A poem to acknowledge that the land itself — along with the people whose language, culture and religion were born of it — is rarely acknowledged

Cara Romero, Sand & Stone, 2020. Photograph. 19 × 12 ¾ inches. © Cara Romero. Courtesy of the artist. All rights reserved. Cara Romero, Sand & Stone, 2020. Photograph. 19 × 12 ¾ inches. © Cara Romero. Courtesy of the artist. All rights reserved.
Let us pause for a moment and acknowledge the land on which we live. This is the traditional land of Tewa people of O’Ga P’Ogeh Owingeh. We should take another moment to acknowledge the ways Indigenous people have been/are being removed and erased from the land they’ve stewarded for over 16,000 years: Swiftly. Brutally. Culturally. Fatally. Let us acknowledge that soldiers for the United States killed women and children because they were Native. Let us acknowledge the recentness of this. Let us acknowledge the Native people buried in their land without markers while unnamed settlers rest in fenced graves. Let us acknowledge Indian graves dug up and looted. Let us acknowledge that place names like Squaw Mountain do not honor ancestors. Let us take a moment and acknowledge that this land was not stolen from the people whose language, culture, and religion were born of it; let us acknowledge that the people were stolen from this land. The people who celebrate this land with song, dance, ceremony; people who do not commodify and commercialize trees and water or call it resource. Here we pause to acknowledge that the land itself is rarely acknowledged. The land buried beneath asphalt, cement, floorboards, and foundations. Let us acknowledge that this buried land which once grew food and medicine now grows dollar stores and subdivisions. Let us acknowledge the land in the way subdividers do, with the blade of the bulldozer and with names like Forest Trails, Aspen Ridge, River Ranch, with words, the way the Government recognizes only Federally recognized tribes and has taught some Natives to recognize others only on paper, through blood quantum and CIB instead of commitment to rights and sovereignty. Let us recognize Land Acknowledgments that serve as consolation, another box checked on a list titled Due Diligences. The way wearing a Black Lives Matter T-shirt acknowledges white wokeness while the same whites shop at white lives businesses; acknowledgment as performative allyship. Let us acknowledge that internment camps were prisons. This Land Acknowledgement was written for the people who acknowledge land in the way spotted knapweed acknowledges it, the way a ‘For Sale’ sign acknowledges it, the way the Forest Service acknowledges land by stating #itsallyours, but meaning #itsnottheirs. This statement acknowledges the land in the same way the media and FBI acknowledge the over 2,000 missing Native women and girls—by recognizing the one missing white woman for whom hundreds search and whose picture is present on all our screens, the way Native silhouettes are screened on paper to sell cigarettes. This Land Acknowledgment is inked on the heartwood of a pine that escaped the fires but fell for the mill from a land that cannot help but acknowledge climate crisis and carrying capacities, the grizzly bear fatally removed, and the salmon who can no longer reach their original homelands. This land acknowledges the wolves shot by stockmen and sportsmen, to preserve the animals stockmen and sportsmen will thenceforth kill in the name of husbandry and sport. Let us acknowledge how we honor loss with dollars and not grief. Let us make depredation a science and pay officers from the bank of conservation. Let us acknowledge the words used to disassociate kill/er/ing/ed from the act of execution. This land acknowledges that it is recognized for its monetary value, recreational value, and aesthetic value. Because it too is living, this land recognizes us by our carbon footprint, our clear-cuts, our gold mines, and our greed. This acknowledges that Land Back means languages back, means medicine back, means ceremony back, means culture back, means reparations. Means all people depend on the land. Let us acknowledge that unless action is taken to identify and empower Indigenous peoples, erase inaccurate history from every school curriculum, carry out land-based justice and climate change policy, a Land Acknowledgment is a perfunctory, alienating, and otherwise hollow gesture. Acknowledgment means acceptance, admittance; acknowledgment is a dead word, is not a verb, is not deed, does not mean education. Acknowledgment means too late for an apology. Read me your Declaration of Change. Detail your Plan of Procedure. Show me your Map to Equality. And then, just maybe then, I might be convinced that your Land Acknowledgment is not but another broken treaty.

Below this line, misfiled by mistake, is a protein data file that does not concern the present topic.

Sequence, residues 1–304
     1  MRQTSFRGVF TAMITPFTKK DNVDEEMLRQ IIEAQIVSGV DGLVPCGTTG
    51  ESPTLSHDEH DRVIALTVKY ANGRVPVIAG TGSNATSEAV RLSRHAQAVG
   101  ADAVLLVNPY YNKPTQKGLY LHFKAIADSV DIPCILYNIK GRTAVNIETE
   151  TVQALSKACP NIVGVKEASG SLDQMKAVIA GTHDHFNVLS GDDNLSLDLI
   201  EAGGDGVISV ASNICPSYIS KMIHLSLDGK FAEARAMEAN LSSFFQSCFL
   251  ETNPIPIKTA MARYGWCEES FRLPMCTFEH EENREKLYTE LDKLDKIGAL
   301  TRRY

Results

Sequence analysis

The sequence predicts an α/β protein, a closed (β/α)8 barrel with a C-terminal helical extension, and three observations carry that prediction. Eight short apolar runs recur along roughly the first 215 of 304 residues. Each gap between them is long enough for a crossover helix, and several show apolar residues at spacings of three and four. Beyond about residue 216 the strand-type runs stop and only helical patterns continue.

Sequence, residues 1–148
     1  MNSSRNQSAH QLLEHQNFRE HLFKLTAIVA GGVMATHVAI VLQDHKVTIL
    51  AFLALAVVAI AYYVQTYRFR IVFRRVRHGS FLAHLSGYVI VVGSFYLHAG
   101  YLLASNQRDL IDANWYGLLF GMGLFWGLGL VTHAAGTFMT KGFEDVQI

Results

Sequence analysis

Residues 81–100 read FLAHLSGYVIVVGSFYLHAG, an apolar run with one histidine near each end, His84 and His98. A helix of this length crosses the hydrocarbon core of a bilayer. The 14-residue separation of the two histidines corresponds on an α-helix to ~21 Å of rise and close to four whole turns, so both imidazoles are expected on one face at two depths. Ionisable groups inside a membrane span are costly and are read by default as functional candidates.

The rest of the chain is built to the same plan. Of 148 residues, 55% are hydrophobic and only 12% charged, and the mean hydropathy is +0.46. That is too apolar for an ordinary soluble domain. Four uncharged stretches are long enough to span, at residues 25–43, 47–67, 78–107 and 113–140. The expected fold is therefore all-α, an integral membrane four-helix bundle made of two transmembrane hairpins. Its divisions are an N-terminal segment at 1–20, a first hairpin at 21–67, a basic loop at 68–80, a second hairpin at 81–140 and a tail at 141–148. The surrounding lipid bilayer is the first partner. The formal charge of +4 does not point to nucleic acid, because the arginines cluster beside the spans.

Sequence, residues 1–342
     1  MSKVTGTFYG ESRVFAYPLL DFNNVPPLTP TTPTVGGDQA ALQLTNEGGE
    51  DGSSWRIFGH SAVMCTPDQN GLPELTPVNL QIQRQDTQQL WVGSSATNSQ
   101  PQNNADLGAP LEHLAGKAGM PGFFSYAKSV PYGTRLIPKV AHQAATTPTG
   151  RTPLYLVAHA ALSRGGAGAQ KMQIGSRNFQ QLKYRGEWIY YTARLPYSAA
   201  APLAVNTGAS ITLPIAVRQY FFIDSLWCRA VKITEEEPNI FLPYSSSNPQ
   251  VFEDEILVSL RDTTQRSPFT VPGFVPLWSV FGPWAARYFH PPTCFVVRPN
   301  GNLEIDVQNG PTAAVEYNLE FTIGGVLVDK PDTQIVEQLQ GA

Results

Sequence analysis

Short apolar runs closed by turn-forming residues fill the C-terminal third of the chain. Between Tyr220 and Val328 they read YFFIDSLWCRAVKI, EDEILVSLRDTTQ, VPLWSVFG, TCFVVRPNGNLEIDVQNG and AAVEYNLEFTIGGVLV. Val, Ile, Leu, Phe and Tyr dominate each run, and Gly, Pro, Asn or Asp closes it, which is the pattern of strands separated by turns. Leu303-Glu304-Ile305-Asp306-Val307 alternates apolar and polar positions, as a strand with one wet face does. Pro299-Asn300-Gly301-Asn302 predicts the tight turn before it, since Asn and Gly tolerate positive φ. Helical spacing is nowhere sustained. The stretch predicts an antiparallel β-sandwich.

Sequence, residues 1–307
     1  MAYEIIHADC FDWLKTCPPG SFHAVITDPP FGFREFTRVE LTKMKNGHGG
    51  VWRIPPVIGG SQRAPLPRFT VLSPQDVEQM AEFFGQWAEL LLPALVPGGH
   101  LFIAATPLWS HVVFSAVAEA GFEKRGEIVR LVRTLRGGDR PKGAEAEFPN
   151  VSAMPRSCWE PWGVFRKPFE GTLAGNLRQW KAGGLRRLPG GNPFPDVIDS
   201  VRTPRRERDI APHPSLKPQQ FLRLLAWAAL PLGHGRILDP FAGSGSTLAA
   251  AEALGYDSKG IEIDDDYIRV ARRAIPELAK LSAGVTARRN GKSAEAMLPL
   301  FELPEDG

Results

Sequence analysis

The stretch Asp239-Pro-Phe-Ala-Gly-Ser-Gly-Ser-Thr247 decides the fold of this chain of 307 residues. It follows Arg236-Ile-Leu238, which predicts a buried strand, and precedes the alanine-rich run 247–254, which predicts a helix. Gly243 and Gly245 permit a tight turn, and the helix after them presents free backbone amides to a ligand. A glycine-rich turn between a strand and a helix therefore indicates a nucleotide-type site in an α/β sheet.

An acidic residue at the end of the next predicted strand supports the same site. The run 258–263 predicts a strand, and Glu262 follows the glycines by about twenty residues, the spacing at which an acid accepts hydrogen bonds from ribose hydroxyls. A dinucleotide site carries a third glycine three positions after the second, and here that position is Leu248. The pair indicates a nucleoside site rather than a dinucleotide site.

CMarie Fuhrman is the author of Camped Beneath the Dam: Poems and co-editor of Cascadia: Art, Ecology, and Poetry, and Native Voices: Indigenous Poetry, Craft, and Conversations. She has published or forthcoming poetry and nonfiction in multiple journals and anthologies. CMarie is an award-winning columnist for the Inlander and Director of the Elk River Writers Workshop. She is Associate Director at Western Colorado University, where she teaches nature writing. CMarie is the host of the podcast Terra Firma. She resides in the Salmon River Mountains of Idaho. CMarieFuhrman.com